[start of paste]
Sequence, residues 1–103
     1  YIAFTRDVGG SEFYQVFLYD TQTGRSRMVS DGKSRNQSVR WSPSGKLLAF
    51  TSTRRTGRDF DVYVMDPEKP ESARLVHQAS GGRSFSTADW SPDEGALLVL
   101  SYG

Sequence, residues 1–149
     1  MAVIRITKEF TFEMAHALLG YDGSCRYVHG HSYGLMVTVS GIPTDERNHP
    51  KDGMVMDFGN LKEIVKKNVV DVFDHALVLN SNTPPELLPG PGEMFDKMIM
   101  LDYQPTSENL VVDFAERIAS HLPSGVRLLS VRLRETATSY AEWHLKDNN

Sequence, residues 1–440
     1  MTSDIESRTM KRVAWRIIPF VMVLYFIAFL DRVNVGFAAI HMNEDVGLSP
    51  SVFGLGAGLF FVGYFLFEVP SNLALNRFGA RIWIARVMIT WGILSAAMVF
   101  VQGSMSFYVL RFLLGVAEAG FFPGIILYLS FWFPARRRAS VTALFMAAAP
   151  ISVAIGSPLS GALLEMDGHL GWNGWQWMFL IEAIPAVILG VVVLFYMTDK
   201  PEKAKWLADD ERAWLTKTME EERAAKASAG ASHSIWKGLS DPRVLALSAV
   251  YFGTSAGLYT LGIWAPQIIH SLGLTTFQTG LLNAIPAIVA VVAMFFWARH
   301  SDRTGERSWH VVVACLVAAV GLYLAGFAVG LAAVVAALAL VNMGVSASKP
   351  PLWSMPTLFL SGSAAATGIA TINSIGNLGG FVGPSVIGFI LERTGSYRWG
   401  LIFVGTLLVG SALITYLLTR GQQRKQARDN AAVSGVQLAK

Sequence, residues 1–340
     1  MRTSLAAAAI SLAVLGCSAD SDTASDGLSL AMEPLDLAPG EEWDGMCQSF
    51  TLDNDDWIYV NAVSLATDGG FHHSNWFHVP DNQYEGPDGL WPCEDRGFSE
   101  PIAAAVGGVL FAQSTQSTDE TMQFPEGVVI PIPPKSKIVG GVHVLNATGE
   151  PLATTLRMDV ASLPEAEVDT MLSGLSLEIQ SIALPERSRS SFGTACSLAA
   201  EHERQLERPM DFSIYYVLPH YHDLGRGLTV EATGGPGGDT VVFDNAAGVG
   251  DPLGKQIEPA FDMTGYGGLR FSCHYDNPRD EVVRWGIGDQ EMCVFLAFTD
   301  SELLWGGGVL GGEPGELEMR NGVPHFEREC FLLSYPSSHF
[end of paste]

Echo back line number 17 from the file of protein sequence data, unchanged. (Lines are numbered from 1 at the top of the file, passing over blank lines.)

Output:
   351  PLWSMPTLFL SGSAAATGIA TINSIGNLGG FVGPSVIGFI LERTGSYRWG